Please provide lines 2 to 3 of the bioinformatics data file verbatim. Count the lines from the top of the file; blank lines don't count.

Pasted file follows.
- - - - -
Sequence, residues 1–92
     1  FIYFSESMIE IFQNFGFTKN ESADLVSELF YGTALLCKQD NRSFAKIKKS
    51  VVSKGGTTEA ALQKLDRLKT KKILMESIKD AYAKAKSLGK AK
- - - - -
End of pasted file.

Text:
     1  FIYFSESMIE IFQNFGFTKN ESADLVSELF YGTALLCKQD NRSFAKIKKS
    51  VVSKGGTTEA ALQKLDRLKT KKILMESIKD AYAKAKSLGK AK